Beachly Boys and Now

Discussion in 'Sappers' started by Dickieb, Oct 3, 2006.

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  1. I wonder if it's still possible to walk across the severn bridge via the mesh walkway underslung beneath the main support cables ! or do a tarzan from the bridge into the old camp or even scale the pylon on beachly point and leave your girlfriend's knickers flying from the highest point. What ever happened to AAC Chepstow and Rossiter ?
     
  2. It's been extensively remodelled.. :lol:

    Cuddon Coy's / 87 Sqn's Block held out a good fight as last of the original blocks standing, but eventually gave in to the Dozer. :cry:

    *sighs*

    All that bloody floor 'bumpering' for nowt, eh!
     
  3. I think I might have missed that ( 87 Coy ). J Coy and A,B and C (65C) had all the new singing and dancing brick built blocks and the old wooden spiders that were left were used by the Woman's volunteer corps thingy and used for the Bandsmen who disappeared in the evenings to wear kilts and play with Octopusses. But yes, those bumbers were heavy bustards.

    We were the last intake ( I think ) to wear the old Battle ( Hairy, scratchy,itch ) dress ( the shirts remained for some time after that )and went over the moon when No2 Dress was introduced only to find that your waist belt was raised to just below your sternum and the collar studs still stuck in your feckin neck and you shouldn't have used soap on the inside of trouser leg to get creases that could cut your balls off.

    I wondered - when will get to play with a real gun like the big boys did in senior group and fix bayonets in a sleek silky movement - until it clattered on the parade square and some horrible man with a red face would question your parentage - the cheeky b*stard.
     
  4. KF Shirt? We had those still in the late 80's.. Still got mine on my 1157 too. That should cause enough havoc when I dekit in 5 years time.. :D



    Bedblocks and Bloomin big bumpers

    They even give em DUVETS and decent Hoovers now!!

    I do miss 'Chep' though. Good times.
     
  5. Had a fantastic time at Chepstow ,went there to do my A2 wood butchers cse as chatham was full or some thing :?
    it was great all the little girlie's in the town after new grown up boys , even had sort of permission to have a quiet word with some of the local chaps , who had been having fun with the apprentices for all those years
     
  6. I was one of the apprentices the locals used to "welcome", It was nice to see some big grown up squaddies take over the town.
     
  7. i was still wearing my KF shirt in 1993, i remember my first Sqn parade on my arrival at 24 Fd Sqn and the new Troopie asked me if i was wearing a regulation issue Army shirt, after asking him to repeat the question and many giggles from the Troop, the Staffie moved him on. :):) this still brings a smile to my face all these years on.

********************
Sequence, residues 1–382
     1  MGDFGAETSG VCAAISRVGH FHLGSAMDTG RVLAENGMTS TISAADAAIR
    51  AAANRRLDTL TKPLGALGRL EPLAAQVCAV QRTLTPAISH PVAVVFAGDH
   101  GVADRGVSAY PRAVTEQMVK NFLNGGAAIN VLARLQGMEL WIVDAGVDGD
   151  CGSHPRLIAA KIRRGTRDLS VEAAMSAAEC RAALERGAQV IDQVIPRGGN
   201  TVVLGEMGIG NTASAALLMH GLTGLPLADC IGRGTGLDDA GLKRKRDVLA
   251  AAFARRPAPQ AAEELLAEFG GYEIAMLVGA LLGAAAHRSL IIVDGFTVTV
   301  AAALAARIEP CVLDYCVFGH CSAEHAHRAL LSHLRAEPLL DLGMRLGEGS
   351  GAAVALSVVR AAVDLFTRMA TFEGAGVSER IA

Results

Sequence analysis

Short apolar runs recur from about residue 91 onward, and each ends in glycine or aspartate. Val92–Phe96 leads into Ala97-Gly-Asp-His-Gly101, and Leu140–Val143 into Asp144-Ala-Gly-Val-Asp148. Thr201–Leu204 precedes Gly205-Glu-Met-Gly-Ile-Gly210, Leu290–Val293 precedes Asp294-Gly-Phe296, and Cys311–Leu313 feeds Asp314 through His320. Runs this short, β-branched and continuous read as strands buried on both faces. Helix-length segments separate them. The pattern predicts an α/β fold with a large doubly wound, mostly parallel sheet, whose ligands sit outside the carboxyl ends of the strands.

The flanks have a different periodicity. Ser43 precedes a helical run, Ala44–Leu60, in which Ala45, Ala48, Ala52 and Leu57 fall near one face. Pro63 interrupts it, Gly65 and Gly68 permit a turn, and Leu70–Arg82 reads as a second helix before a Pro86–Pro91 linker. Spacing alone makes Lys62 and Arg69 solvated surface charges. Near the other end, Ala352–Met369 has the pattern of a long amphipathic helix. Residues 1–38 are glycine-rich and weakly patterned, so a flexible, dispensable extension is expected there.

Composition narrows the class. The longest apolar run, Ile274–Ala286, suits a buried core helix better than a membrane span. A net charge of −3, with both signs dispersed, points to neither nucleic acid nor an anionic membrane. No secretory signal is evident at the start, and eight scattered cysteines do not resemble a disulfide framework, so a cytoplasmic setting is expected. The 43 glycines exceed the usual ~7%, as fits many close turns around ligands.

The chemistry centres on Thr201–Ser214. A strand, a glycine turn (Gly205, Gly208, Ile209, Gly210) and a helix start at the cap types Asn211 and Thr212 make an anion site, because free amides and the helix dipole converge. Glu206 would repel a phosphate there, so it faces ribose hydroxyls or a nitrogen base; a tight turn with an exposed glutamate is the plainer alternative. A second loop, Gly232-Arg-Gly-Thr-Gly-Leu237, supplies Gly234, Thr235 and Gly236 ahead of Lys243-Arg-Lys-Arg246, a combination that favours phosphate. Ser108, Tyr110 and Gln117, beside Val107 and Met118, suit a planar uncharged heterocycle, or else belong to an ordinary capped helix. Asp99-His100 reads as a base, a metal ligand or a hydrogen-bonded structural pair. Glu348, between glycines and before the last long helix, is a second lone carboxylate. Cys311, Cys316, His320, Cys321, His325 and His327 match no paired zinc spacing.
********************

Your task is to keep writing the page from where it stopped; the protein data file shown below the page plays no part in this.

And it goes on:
Sparky
     
  8. still have one left in the attic, loved hairy shirts because you only had to iron the cnuting things once a week.
     
  9. hairy shirts!! mmm almost translucent it was ironed that many times, and along with two-tone lightwieghts the sign of a well-dressed man about town
     
  10. Spartacus - We too had our ups and downs with the local intelligence of the Chepstow youth, they really did get f*cked on more than one occasion after they had decided to beat some poor sod up from J Coy only to find to their horror that Chepstow ( in the 60 somethings ) was ideal ambush country and they were trapped between three advancing groups of AT's pent on revenge and them ( the local heros ) running into the nearest pub ( The Green Dragon ) didn't stop them getting a good reminder of where their balls originated from in their body. A few glasses did get broken at the bar in the ensuing melee and the local sub culture became quite educated on what happens to someone who takes on a hornets nest of frustrated young soldiers who couldn't drink at all hours and were missing feminine company. The RMP got the hump as well but f*ck em, they were outnumbered. Oh the Joy of it.
     
  11. Where's Rossiter
    We were marching along one day and Rossiter took the hump and said something like "bloody tradesmen, think you're so good - well I've got a trade". What's that Sergeant Major ? "I'm a B2 Machine gunner" !!!
    Some time later he left but I understood he had a job lined up in charge
    of security at Bulmers Cider factory.
    Now for the strange part.
    Some years ago, Colin W, who organises reunions and the like rings me and says he bumped into Rossiter and he was living near to him. So I looked him up in the phone book, got his address and sent him a short note asking if it was our Rossiter, pointing out that he'd been up the jungle in Malaya at 18, was in the CG's, was a sergeant major, had been at Sandhurst etc and retired.
    I got a nice handwritten reply saying yes my name is Rossiter, yes I've been up the jungle, was in the CG's, was a sergeant major, had been at Sandhurst etc and retired. Here's my pictiure in this magazine -- but I don't know or have ever heard of your man!!
     
  12. I remember CSM Rossiter well .... Coldstream Guards, liked the gee gees up at Chepstow Racecourse. Often used to see his unmistakable figure on local TV when they televised the races from there.... he wasn't very happy when a group of 62A (Sgt Deveral's platoon, B Coy) won a goose in a local pub raffle. Live one, at that (but only for a few hours...., thanks to ACC Cookhouse..)